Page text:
. Supplier List link is located at top of every forum page. Or, if your doctor will write a prescription for the one particularly-expensive oximeter which can plug directly into your machine so that ResScan will display your Oxygen level and pulse rate along with the rest of your machine's data, and if your insurance will preauthorize it, great, but the lowest price I've seen for those is around $1,250 online, and far more economical options exist. (No prescription is needed to buy a Pulse Oximeter if paying for it out of pocket.)
But whatever you do, whether using an APAP or bi-level, I recommend you make sure your machine remains an Auto model capable of automatic adjustment of at least the EPAP pressure. Otherwise you will not be able to easily see the effect on your pressure needs (of whatever you do to reduce your pressure needs).
2. Whether you would need an overnight bi-level titration study before you could get a bi-level machine depends on your insurance and your doctor. Maybe required, or maybe not.
3. You already have what is effectively a limited bilevel device, if you are able to use EPR. See if your system can tolerate EPR.
4. Some models, yes. Would need to be a bi-level Auto model.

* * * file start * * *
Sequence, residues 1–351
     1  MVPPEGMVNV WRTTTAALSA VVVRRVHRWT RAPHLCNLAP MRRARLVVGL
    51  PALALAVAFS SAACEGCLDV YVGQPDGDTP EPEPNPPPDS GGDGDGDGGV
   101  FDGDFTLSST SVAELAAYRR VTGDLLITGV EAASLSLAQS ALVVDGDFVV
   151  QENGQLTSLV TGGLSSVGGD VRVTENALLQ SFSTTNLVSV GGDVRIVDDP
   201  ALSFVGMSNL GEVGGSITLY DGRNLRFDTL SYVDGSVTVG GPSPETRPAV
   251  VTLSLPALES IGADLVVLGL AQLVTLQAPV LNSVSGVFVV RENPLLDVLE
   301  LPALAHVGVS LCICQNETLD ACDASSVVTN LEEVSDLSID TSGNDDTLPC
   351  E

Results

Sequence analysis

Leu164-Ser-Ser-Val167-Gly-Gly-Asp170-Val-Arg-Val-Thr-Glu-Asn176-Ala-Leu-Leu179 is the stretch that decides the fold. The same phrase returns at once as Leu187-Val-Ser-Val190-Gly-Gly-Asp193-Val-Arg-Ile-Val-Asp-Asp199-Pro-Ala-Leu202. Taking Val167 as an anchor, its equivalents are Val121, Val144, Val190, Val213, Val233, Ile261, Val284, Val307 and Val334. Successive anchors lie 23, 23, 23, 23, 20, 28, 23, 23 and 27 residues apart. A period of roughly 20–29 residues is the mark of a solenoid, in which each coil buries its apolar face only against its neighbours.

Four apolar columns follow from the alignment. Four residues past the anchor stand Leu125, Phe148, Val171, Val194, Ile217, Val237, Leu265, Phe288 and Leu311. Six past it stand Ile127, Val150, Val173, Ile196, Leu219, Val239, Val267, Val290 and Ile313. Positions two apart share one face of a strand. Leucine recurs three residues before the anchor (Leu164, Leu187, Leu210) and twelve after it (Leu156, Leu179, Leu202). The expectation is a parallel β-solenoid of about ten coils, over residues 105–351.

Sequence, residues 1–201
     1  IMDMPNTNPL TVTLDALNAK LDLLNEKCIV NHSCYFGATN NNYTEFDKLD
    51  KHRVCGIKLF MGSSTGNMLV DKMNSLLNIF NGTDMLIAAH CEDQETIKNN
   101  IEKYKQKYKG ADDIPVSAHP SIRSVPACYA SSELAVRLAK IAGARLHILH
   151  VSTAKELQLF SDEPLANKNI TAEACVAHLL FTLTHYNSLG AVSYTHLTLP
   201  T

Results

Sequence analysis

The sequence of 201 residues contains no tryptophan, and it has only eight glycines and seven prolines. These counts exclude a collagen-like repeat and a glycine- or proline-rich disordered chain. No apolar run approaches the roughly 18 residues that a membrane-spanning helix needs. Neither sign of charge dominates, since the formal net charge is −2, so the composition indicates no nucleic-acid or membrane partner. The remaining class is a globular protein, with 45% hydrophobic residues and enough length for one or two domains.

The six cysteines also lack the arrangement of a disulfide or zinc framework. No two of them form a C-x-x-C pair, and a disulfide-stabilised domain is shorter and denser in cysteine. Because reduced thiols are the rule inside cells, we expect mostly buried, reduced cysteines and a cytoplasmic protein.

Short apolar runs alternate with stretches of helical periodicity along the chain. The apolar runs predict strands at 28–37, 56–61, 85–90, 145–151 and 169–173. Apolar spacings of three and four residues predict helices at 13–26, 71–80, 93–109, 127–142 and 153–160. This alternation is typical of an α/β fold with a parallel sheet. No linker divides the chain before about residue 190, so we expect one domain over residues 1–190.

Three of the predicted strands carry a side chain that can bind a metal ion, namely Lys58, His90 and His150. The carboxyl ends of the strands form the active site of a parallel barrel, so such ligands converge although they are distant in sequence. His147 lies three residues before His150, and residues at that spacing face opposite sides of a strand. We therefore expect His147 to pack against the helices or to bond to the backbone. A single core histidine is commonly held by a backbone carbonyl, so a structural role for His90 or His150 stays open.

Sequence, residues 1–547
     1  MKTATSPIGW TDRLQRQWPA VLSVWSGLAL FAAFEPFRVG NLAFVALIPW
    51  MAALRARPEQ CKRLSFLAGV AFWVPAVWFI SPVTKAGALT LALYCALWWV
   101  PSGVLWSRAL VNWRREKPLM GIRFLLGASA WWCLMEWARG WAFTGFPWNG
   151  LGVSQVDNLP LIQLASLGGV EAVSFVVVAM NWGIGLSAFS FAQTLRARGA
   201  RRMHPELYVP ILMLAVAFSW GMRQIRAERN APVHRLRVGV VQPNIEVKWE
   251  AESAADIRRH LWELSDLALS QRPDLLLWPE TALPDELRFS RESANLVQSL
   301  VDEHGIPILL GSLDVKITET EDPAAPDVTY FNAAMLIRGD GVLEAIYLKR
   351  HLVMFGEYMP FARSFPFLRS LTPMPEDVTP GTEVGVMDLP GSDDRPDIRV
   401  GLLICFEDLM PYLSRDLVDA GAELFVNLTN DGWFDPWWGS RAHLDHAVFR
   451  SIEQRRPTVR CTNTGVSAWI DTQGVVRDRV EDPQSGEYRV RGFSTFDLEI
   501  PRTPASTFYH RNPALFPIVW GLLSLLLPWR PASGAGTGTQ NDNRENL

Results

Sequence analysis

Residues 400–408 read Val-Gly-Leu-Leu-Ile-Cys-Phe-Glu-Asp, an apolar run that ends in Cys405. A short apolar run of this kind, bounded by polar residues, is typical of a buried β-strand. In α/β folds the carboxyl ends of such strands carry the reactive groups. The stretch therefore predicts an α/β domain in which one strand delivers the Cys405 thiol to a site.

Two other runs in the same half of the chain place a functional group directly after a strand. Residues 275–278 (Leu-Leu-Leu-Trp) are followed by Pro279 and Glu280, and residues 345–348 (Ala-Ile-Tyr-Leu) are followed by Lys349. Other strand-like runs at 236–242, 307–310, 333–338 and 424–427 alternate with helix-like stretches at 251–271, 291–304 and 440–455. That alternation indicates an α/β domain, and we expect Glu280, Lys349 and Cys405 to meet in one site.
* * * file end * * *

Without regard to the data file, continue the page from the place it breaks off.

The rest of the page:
5. I think the PRS1 BiPAP Auto is better in some ways than the S9 VPAP Auto because as well as EPAP being able to auto-adjust across a range, also PS is able to (slowly) auto-adjust across a range on the PRS1 BiPAP Auto. Likewise. I think the PRS1 BiPAP autoSV Advanced is better in some ways than the ResMed S9 VPAP Adapt.
6. It takes about 70 cm H2O to equal the pressure of just 1 psi (pound per square inch). A normal strong cough creates many times the pressure of your machine's highest setting. Even when you are just blowing up a balloon the pressure will be several times the highest pressure your machine will produce. People who have had a tendency to have "spontaneous pneumothorax" (collapsed lung caused by normal activity like coughing) are advised not to use CPAP, but not because CPAP would itself cause a collapsed lung, only because if a collapsing lung is already in progress the use of CPAP would tend to accelerate the collapse.